So now you need to check how well the EGR system is working. Since you have confirmed that the temp circuit is up to snuff you can use it to evaluate the systems flow. Take that same drive on the highway that the FSM describes but this time pull over and check the resistance accross the temp sensor. If everything is fine you should be in the middle of the range. If you're not then nows the time to start cleaning and checking the controls taking that run in between to evaluate your progress.

    Remember, it's not what is actually happening that the ECM is concerned with. It's what it "THINKS" is happening that matters. Once you're able to produce the proper resistance accross the temp senser at the proper time the error will disappear.

    Incidentally this doesn't come from personal experience with these codes but 20 years of troubleshooting electro-mechanical systems. Beleive it or not this type of circuitry has been around longer than I've been fixing them. Not in cars but most everywhere else.
     
  6. Beowulf

    Beowulf

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    Nice post Ron!
    -B-
     
  7. Eduardo96FZJ80

    Eduardo96FZJ80

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    R-
    I was one of the lucky one's also.
    I R/R my modulator and have had no MIL since :D
    about 5k miles ago
     
  8. landtoy80

    landtoy80

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    The CE light came on and off again. I bet the modulator needs cleaned again (3rd time). I will clean the temp sensor too (2nd time)
    On the 93/94, where is the sensor that sends the signal to the computer that there is a EGR problem code71. I don't know how many EGR signals the newer 80's get but we only get one.
    kurt

    Just for the heck of it I will try the modulator from the 87FJ60. The part # is 25870-61011 The fzj80 #25870-66010. The 60 is bigger.
    kurt
     
  9. Junk

    Junk

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    I think that's 80% hogwash. Everyone I know of, with the P0401 code, eventually fixes it by replacing the VSV for EGR. I replaced mine on blind faith and have no errors and no issues.

    See above :flipoff2: :D

    Seriously, I don't know why folks make such a big deal out of this. The little switch is like what $~75 (is that right Cbiskitdan?) and it's not that bad to replace. Shees, if we winced every time we had to replace a $75 part, we'd sound like Wench. :flipoff2: :D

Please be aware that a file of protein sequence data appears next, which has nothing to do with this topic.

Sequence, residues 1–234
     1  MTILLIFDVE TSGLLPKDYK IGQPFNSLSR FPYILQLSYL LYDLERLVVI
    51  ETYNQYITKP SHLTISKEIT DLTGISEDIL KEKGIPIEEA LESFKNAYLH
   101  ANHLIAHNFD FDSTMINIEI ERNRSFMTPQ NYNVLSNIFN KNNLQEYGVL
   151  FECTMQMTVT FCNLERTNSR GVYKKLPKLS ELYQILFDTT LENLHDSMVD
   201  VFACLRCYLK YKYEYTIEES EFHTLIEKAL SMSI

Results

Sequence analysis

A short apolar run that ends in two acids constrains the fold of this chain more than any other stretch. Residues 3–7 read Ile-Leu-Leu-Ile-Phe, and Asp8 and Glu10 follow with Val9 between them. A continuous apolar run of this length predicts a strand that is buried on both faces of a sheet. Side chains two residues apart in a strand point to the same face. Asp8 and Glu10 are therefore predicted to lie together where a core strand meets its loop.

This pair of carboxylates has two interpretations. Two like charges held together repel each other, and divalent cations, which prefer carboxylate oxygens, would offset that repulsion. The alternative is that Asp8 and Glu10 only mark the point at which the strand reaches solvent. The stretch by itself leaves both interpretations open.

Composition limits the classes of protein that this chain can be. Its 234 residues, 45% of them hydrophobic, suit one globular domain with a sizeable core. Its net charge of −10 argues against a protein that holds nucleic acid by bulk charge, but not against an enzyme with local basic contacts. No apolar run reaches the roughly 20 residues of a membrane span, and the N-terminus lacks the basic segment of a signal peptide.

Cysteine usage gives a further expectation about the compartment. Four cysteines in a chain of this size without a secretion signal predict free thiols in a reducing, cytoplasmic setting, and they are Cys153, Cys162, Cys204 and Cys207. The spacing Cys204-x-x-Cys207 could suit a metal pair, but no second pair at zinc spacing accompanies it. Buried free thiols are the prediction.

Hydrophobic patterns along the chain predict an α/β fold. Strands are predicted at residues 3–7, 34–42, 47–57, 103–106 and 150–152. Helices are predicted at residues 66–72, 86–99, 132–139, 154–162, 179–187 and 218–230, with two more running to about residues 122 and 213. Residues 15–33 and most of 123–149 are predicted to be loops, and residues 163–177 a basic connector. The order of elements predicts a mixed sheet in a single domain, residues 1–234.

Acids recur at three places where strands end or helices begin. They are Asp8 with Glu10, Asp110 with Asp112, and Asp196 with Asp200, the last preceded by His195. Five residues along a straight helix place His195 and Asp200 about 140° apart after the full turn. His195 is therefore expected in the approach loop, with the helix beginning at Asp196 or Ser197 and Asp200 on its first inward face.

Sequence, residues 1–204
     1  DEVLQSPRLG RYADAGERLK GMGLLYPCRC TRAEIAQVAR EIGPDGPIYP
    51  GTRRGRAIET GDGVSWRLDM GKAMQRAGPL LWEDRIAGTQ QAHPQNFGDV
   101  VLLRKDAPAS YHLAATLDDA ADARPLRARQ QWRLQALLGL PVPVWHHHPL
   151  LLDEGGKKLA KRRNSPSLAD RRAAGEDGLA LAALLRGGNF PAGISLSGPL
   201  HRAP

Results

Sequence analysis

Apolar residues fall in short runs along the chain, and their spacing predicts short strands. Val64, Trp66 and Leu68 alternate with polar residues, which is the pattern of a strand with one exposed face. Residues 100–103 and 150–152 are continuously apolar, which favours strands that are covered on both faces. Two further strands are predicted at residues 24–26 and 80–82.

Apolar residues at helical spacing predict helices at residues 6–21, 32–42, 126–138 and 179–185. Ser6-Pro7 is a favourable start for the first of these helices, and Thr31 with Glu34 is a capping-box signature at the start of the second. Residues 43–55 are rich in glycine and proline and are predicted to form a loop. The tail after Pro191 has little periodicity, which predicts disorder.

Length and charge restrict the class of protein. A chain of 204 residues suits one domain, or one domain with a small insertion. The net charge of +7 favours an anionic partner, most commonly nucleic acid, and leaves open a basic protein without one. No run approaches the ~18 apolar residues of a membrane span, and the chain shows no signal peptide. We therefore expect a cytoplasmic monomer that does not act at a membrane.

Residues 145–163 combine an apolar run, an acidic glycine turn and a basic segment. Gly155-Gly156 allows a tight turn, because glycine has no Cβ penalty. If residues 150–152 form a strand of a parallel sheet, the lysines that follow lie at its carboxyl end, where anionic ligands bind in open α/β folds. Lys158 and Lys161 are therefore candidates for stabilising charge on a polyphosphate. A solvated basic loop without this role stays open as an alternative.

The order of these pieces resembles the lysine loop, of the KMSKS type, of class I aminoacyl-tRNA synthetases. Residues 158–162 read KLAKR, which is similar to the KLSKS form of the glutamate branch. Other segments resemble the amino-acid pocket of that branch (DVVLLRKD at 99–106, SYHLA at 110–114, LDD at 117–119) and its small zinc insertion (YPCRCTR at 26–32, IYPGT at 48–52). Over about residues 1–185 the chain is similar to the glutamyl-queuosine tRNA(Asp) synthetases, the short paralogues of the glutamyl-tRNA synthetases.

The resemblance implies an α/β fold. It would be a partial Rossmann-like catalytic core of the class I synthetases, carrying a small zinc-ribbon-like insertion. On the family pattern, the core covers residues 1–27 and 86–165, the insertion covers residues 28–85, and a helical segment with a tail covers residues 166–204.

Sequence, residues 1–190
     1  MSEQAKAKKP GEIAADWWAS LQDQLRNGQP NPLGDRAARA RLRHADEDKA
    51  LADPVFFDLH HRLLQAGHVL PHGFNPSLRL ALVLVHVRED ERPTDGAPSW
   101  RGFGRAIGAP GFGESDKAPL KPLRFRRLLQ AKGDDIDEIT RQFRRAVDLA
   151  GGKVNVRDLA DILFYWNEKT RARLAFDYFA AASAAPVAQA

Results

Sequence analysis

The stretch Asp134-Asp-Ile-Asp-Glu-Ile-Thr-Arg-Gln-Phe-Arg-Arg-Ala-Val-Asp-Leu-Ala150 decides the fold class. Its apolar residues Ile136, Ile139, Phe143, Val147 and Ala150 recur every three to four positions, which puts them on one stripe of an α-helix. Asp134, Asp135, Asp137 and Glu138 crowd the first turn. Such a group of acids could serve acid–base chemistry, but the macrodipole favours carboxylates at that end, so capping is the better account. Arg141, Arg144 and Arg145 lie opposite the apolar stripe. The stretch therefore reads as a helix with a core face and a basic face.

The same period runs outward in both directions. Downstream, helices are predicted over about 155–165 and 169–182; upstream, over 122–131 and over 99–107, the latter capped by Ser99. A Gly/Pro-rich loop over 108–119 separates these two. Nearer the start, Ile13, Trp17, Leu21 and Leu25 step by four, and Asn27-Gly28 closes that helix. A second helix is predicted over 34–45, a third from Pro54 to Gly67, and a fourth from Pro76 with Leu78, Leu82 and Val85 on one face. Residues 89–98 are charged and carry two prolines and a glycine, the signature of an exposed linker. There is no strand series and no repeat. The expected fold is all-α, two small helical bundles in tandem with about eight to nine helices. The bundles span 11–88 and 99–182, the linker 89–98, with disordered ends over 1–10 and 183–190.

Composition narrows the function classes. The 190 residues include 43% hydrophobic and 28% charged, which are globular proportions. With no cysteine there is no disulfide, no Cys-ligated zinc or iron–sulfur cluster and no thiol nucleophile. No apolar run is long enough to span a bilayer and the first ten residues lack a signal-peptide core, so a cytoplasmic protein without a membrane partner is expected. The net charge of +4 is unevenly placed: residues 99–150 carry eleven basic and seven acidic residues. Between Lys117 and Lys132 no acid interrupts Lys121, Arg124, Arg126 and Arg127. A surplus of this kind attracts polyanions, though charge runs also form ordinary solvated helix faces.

10. Gumby

    Gumby Supamod Staff Member s-Moderator

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    I have to agree. I don't advocate parts replacement to find a problem, but I do know that mechanics make money by knowing what common problems are and what the fix is. If I could get consistant readings out of my VSV, I would at least have an idea if it needs replacing. For $75, I can look at this light for a while longer. It doesn't hurt anything, in fact, it probably adds a little bit of power.
     
  11. landtoy80

    landtoy80

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    [Seriously, I don't know why folks make such a big deal out of this. The little switch is like what $~75 (is that right Cbiskitdan?) and it's not that bad to replace. Shees, if we winced every time we had to replace a $75 part, we'd sound like Wench.]

    I spent the $ for the VSV a month ago, :mad: so replacing it again should not be needed, I hope :eek:
    For some reason the modulator is getting carbon in it. I tried the fj60 and after 40 mi it had some carbon in it and the light came on. When I pulled the 80 modulator it had carbon in it. It is clean and installed again.
    I wounder if there is a way to put a filter in the big vacuum hose to the modulator? I assume the carbon is commingfron the big vacuum hose.
    Would having the motor decarboned via a repair shop help? Or better black tap over the light :D
    kurt
     
  12. Junk

    Junk

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    [quote author=Gumby link=board=2;threadid=4022;start=0#msg30027 date=1059849155]
    For $75, I can look at this light for a while longer. [/quote]